Over the past couple of months, megaphone, or, more accurately, Twitter, diplomacy seems to have borne a degree of fruit.
Images of South Korean President Moon Jae-in and North Korean leader Kim Jong Un shaking hands over the concrete line dividing the two countries in the heavily fortified demilitarised zone were not only historic but also astonishing in light of the ‘fire and fury’ rhetoric that preceded the event. The inter-Korean summit even had some suggesting that US President Donald Trump’s unorthodox efforts should be recognised by the five-member Norwegian Nobel Committee.
In the more prosaic world of trade diplomacy, Trump’s ‘war-war’ rather than ‘jaw-jaw’ bombast has, likewise, seemingly yielded an unexpected return, albeit an economically ambiguous one.
Exporters to the US, including South Africa, scrambled for inclusion on a list of countries exempted from steel tariffs of 25% and aluminium duties of 10% imposed from March 23. To date, South Africa’s efforts have come to nought, notwithstanding an offer to restrict future exports to 2017 levels and despite all the evidence pointing to the fact that South African steel and aluminium exports are so minuscule that there is no way that they could be perceived as posing a threat to America’s national security.
Meanwhile, China, the main object of Trump’s trade-war threats and the subject of additional US trade restrictions, has, on the face of it, demonstrated its readiness to back way from the fight. President Xi Jinping has even hinted that China could be willing to widen access for foreign investors to its financial and manufacturing sectors, lower tariffs, expand imports and strengthen protection of intellectual property rights.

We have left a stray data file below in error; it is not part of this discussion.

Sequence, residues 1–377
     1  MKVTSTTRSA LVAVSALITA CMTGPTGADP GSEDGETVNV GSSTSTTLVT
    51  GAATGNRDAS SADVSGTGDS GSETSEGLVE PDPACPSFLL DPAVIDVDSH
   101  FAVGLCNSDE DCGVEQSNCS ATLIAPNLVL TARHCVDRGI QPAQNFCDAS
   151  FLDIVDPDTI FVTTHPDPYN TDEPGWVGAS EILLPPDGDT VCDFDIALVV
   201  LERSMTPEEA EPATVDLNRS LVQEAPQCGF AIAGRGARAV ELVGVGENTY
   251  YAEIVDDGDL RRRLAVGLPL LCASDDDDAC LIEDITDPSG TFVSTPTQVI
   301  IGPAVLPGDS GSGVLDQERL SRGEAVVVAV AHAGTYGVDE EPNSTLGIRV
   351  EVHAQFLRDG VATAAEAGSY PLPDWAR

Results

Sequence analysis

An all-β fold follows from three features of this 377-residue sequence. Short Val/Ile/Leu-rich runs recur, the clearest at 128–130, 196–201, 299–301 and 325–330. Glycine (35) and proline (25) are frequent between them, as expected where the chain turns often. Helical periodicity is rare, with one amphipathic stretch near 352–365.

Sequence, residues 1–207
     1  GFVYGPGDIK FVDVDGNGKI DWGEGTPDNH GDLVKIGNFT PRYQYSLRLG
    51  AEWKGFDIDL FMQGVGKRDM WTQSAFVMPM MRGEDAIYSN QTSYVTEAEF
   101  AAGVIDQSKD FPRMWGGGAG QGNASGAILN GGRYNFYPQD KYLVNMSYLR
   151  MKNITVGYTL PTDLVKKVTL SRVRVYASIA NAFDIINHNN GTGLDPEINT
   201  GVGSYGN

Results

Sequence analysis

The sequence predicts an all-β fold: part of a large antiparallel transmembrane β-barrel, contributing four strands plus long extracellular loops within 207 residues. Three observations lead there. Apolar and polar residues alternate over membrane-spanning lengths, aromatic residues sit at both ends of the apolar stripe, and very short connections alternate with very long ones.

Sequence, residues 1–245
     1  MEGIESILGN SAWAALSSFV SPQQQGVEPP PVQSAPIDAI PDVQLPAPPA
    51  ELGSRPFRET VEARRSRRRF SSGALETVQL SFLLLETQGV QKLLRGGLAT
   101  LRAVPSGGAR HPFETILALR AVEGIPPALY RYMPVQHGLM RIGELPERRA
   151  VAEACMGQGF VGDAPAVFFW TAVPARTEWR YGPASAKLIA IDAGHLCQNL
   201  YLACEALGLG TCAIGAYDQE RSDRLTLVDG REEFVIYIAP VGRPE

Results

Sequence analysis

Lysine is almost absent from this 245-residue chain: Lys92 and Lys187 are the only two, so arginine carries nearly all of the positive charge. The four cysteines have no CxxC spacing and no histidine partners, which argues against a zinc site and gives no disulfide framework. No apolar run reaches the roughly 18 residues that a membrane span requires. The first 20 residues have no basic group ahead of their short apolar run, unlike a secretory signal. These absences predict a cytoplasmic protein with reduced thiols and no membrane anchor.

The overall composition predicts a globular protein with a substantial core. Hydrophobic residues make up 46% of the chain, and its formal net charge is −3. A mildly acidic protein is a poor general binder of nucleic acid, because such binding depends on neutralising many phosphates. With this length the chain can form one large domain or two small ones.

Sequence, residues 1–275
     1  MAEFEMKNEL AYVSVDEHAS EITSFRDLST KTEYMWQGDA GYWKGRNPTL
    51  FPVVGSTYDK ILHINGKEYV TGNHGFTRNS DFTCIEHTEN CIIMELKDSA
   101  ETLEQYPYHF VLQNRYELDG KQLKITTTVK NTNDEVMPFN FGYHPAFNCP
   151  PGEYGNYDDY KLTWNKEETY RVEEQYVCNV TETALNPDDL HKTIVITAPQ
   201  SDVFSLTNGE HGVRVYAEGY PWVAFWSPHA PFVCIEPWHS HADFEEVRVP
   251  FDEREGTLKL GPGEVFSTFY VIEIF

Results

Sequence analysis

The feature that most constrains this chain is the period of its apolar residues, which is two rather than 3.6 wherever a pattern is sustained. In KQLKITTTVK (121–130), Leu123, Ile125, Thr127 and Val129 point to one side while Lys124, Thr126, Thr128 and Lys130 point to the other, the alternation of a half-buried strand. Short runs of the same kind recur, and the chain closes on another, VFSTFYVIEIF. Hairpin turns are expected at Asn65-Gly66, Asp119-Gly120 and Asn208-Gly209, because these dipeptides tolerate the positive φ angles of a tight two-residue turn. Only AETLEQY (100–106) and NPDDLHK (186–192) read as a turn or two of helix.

The real question, though, is whether Trump-style un-diplomacy is truly sustainable? The answer quite simply is no.
Knee-jerk and partially informed pronouncements may guarantee a reaction. They can even help galvanise people into action, as appears to have been the case on the Korean peninsula. However, resolving complex diplomatic and trade problems inevitably requires a willingness to grapple comprehensively with the underlying problems, so that acceptable compromises can be agreed.
Genuine progress, as can already be seen with the nascent inter- Korean rapprochement, can only be made through patient and considerate diplomatic effort. In the process, the trade-offs required for securing a deal can be negotiated.
It’s the difficult lesson South Africans learned in the 1990s, but which many a contemporary politician seems only too happy to forget. It’s also a far cry from a world where the only trade-off required is making one’s point without breaching the 280-character-a- tweet limit.